Third, another very important consideration for you to take into account is what way you’ll be describing your POV. Are you using first person? Third? If you’re going to use first person, you’ll need to have a distinct voice for each of your multiple characters. If your characters all end up sounding the exact same that defeats the purpose of multi point of view. In that case, you should have just written the whole thing using third person. I encourage you to considering using third person unless you are completely confident that you can write unique voices for each of your different POVs.

A great exercise to help decide between first and third person is to write the same scene from each POV. Are you able to write using three distinct voices? Things that can help with this: vary the sentence structure and flow, vocab, outlook (generally optimistic vs. pessimistic), language (flowery vs. factual), details noticed (smell, sight, sound, touch, tastes), quirks, intelligence, casual vs. formal, and style (reflective, detached, humorous, serious, etc.).  

Fourth, your multiple characters need to somehow connect. Do they all work at the same office, live under the same roof, or battle each other in the arena? Make sure you think through what that connection point is and that it’s strong enough that readers will continue reading despite the potentially jarring swapping of POVs throughout your story.

Lastly, one thing that can cause a lot of confusion around the topic of multiple (or dual) POVs is which character follows the Save the Cat Beats or the heroes’ journey (aka the mid-point, dark night of the soul, climax etc.). You most likely won’t follow this for each POV. While each character should have their own character arc and growth, the hero’s journey should have extra focus on one character.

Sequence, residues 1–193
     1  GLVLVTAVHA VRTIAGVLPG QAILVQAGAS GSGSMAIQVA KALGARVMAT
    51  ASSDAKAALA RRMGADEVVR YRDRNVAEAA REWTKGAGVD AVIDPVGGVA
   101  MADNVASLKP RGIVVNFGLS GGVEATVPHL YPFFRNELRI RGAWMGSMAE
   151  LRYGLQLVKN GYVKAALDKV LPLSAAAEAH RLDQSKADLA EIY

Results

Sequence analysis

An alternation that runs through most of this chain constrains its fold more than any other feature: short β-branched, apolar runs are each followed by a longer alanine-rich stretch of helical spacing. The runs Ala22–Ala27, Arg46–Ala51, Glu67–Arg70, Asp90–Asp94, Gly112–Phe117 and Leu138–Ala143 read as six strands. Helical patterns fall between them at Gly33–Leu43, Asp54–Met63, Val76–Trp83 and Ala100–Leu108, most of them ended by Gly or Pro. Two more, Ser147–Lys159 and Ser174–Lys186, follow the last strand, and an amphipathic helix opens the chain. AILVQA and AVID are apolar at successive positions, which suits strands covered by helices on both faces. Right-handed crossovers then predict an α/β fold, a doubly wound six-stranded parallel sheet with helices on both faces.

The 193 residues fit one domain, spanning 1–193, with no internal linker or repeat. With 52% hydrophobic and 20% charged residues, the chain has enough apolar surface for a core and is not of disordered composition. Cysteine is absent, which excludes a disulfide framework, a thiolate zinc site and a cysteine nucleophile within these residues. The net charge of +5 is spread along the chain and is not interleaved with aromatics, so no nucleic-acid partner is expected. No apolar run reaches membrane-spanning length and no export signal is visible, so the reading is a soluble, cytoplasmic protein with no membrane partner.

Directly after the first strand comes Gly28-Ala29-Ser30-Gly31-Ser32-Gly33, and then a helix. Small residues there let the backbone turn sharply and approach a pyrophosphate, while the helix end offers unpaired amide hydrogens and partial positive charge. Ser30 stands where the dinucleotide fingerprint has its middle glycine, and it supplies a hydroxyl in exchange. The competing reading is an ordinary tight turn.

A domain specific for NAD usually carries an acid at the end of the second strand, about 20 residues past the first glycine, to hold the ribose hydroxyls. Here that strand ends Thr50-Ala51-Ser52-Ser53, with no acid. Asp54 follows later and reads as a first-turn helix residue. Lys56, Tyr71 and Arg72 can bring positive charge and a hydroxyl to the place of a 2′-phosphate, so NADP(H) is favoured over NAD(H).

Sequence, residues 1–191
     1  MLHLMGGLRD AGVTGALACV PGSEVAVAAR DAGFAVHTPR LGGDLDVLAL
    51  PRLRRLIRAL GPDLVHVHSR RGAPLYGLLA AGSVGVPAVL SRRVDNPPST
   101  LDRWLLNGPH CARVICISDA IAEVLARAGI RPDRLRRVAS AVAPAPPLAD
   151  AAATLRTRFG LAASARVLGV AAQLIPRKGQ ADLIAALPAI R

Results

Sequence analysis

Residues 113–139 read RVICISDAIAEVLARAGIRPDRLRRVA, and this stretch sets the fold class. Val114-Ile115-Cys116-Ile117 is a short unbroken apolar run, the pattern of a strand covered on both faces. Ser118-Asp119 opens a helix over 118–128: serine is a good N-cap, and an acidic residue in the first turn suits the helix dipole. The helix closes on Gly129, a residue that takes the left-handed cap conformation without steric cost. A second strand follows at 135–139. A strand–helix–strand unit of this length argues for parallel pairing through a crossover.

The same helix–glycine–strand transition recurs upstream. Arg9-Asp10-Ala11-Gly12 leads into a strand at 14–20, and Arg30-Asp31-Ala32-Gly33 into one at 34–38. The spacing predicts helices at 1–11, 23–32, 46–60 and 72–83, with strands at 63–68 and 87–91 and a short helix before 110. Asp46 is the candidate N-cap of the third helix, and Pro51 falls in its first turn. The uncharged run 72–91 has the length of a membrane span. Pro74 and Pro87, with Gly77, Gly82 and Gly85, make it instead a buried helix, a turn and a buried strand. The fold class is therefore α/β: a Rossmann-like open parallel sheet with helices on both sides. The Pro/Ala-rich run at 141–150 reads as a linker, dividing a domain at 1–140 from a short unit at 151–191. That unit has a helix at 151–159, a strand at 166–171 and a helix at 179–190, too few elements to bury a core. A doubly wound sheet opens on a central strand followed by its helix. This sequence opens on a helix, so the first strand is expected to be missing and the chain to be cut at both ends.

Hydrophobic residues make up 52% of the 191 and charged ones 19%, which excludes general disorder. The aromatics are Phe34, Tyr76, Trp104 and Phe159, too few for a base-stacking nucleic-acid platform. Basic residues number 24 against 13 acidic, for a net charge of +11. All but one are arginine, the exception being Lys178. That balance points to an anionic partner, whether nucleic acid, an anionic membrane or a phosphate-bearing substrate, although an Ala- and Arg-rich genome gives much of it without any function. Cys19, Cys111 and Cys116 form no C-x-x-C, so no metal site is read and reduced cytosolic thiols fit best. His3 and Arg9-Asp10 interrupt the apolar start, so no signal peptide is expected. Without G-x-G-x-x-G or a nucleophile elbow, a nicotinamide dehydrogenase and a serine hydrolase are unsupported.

Multiple POV books to study:

  • The Help by Kathryn Stockett
  • Ship of Magic by Robin Hobb
  • Cress and Winter by Marissa Meyer (the third and fourth books in the Lunar Chronicles)
  • A Voice in the Wind by Francine Rivers
  • The Girl on the Train by Paula Hawkins  
  • The Way of Kings by Brandon Sanderson
  • Curio by Evangeline Demark
  • Six of Crows by Leigh Bardugo
  • Gone Girl by Gillian Flynn
  • Shadow of the Fox by Julie Kagawa
  • The Outlander by Gil Adamson
  • A Map of the World by Jane Hamilton
  • A Game of Thrones by George R.R. Martin
  • My Sister’s Keeper by Jodi Picoult
  • Station Eleven by Emily St. John Mandel
  • The Blade Itself by Joe Abercrombie
  • One of Us is Lying by Karen McManus
  • Throne of Glass by Sarah J. Maas
  • Versailles by Kathryn Davis
  • A Darker Shade of Magic by V.E. Schwab
  • The Hours by Michael Cunningham
  • Curio by Evangeline Denmark

What books or resources have you found to be helpful in selecting a POV?

Candace signing off to go brainstorm POV for her newest novel some more.

Leave a Reply

Fill in your details below or click an icon to log in:

WordPress.com Logo

You are commenting using your WordPress.com account. Log Out /  Change )

Google photo

You are commenting using your Google account. Log Out /  Change )

Twitter picture

You are commenting using your Twitter account. Log Out /  Change )

Facebook photo

You are commenting using your Facebook account. Log Out /  Change )

Connecting to %s